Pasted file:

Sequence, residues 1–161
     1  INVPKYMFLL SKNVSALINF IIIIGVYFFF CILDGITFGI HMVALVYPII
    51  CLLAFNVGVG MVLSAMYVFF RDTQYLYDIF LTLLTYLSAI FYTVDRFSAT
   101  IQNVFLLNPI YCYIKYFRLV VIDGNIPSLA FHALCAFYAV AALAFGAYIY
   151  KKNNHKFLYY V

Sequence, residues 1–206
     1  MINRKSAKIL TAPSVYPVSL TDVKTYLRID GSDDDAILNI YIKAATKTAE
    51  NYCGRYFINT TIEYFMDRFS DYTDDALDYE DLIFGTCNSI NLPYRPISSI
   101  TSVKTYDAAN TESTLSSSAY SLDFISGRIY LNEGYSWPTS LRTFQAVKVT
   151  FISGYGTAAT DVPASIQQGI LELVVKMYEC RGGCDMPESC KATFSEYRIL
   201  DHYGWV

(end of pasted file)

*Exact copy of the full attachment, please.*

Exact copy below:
Sequence, residues 1–161
     1  INVPKYMFLL SKNVSALINF IIIIGVYFFF CILDGITFGI HMVALVYPII
    51  CLLAFNVGVG MVLSAMYVFF RDTQYLYDIF LTLLTYLSAI FYTVDRFSAT
   101  IQNVFLLNPI YCYIKYFRLV VIDGNIPSLA FHALCAFYAV AALAFGAYIY
   151  KKNNHKFLYY V

Sequence, residues 1–206
     1  MINRKSAKIL TAPSVYPVSL TDVKTYLRID GSDDDAILNI YIKAATKTAE
    51  NYCGRYFINT TIEYFMDRFS DYTDDALDYE DLIFGTCNSI NLPYRPISSI
   101  TSVKTYDAAN TESTLSSSAY SLDFISGRIY LNEGYSWPTS LRTFQAVKVT
   151  FISGYGTAAT DVPASIQQGI LELVVKMYEC RGGCDMPESC KATFSEYRIL
   201  DHYGWV